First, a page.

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Sometimes frustrating design can be fun
Sometimes frustrating design can be fun
August 24, 2012 | By Staff

August 24, 2012 | By Staff

Developers shouldn't be so quick to cull parts of their game that players find frustrating -- sometimes that frustration can be good in the long run if used correctly.

After implementing co-op gameplay in his action-puzzler A Virus Named Tom, developer Tim Keenan discovered that playtesters had become frustrated by their characters colliding into each other while trying to solve puzzles and avoid enemies.

They almost unanimously suggested allowing players to pass through one another, but Keenan likened that idea to turning off friendly fire in a first-person shooter, and called it a step in the wrong direction.

"It takes the game one step closer to everyone playing the game as an individual, because it means players don't have to consider one another in their movement, which is arguably half of the gameplay in A Virus Named Tom," he explains.

That added difficulty forces players to communicate and work together in order to become more efficient, and it actually enabled another appealing part of the game: griefing, or players having fun screwing each other over.

Instead, Keenan decided he just needed to make player collisions more fun. "In the early version of A Virus Named Tom, we hadn't put the feedback and emotion into the collision that we have now," he says.

"We now have a sound, the TOMs bounce off each other, and the TOM that was hit looks really annoyed and curses (in garbled virus-speak) at the other TOM. This addition alone made collisions more enjoyable, and encouraged that sort of griefing."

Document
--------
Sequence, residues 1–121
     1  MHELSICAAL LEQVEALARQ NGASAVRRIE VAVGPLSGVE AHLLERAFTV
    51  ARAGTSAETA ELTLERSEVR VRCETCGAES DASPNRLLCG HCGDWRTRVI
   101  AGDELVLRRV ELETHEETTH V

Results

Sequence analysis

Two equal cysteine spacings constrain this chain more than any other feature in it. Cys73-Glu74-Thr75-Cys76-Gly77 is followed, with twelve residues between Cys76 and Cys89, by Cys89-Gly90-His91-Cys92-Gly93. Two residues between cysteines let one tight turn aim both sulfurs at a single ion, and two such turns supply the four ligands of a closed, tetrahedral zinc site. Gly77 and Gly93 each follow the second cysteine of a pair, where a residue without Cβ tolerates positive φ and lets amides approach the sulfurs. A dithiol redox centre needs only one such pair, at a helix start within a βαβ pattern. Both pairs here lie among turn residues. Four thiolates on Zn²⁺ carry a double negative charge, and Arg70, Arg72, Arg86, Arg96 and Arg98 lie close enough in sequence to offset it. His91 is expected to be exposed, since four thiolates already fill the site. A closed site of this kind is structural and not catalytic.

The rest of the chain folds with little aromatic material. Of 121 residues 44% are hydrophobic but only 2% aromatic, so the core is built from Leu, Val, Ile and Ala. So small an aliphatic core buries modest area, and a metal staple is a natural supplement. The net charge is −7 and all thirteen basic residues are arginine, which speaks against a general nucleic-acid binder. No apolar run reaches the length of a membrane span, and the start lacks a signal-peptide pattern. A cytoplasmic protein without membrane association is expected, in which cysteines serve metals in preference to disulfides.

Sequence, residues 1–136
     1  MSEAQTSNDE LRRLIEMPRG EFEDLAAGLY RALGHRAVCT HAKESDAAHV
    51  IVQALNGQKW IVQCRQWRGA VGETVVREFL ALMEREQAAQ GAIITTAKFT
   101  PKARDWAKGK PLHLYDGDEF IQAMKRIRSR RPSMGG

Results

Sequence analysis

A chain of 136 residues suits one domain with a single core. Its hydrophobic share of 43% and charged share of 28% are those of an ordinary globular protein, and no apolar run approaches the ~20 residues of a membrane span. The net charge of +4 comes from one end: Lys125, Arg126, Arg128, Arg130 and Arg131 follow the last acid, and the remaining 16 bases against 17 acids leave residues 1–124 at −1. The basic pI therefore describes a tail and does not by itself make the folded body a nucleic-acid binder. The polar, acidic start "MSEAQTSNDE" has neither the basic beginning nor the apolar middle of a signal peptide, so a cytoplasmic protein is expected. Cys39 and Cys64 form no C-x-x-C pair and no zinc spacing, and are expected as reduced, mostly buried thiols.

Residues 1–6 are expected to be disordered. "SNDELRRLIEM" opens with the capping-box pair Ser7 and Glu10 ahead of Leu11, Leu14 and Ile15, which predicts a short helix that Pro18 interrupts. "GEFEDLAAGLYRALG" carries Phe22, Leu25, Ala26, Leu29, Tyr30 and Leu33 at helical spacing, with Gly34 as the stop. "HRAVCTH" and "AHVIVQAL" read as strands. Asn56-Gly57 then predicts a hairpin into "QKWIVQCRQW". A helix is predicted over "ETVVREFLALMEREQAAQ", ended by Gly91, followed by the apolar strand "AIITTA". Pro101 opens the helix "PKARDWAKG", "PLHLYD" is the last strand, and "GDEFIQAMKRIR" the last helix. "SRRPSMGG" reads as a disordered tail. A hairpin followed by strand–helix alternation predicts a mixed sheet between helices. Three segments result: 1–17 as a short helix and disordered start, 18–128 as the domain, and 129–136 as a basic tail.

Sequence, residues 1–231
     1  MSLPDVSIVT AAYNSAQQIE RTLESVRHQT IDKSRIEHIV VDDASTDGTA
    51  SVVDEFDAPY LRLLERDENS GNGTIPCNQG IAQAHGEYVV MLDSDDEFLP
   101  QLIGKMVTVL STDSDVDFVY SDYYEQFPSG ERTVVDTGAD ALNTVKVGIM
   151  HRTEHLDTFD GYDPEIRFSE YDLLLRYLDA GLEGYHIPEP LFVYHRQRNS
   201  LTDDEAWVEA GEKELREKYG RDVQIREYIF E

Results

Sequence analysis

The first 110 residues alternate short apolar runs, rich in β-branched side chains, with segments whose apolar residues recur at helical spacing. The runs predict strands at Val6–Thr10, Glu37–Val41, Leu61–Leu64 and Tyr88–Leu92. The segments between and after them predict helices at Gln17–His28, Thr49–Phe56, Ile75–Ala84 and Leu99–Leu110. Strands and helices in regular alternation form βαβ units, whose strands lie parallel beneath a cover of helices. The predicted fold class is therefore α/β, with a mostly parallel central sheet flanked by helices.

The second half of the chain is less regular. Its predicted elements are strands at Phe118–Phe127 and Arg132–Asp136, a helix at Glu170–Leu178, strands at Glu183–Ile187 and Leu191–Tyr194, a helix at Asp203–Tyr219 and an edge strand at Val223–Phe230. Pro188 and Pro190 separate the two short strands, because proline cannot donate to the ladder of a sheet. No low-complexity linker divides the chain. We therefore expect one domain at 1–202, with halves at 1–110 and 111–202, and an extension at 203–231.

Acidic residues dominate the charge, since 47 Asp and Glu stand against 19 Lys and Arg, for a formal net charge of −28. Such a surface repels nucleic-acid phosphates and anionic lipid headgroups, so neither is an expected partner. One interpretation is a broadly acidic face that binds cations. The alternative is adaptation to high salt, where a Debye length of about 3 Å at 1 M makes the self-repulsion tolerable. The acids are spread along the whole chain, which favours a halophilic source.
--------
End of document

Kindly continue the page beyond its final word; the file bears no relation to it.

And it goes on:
After those changes, playtesters were less bothered when bumping into each other, and actually laughed as they annoyed each other. The developer emphasized griefing even more by adding a reward for bouncing teammates into harm's way.

Keenan shares more about the different challenges he faced while designing A Virus Named Tom's co-op gameplay and how he overcame them in Gamasutra's newest feature.

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Maria Jayne
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"and it actually enabled another appealing part of the game: griefing, or players having fun screwing each other over."

appealing for who?

Axel Cholewa
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Gamasutra seems to have drawn the wrong conclusion from what Keenan did.

Making those player collisions more fun makes them less frustrating. Keenan didn't remove the frustration, but he cured it so that it's no longer frustrating but enjoyable.

The lesson therefore is not that designers should sometimes stick to frustrating parts of their games. They should never do that! The lesson is way more positive: if you find frustrating parts in your games, try not to remove them, but to make them fun. It might make your game better in ways you didn't imagine before.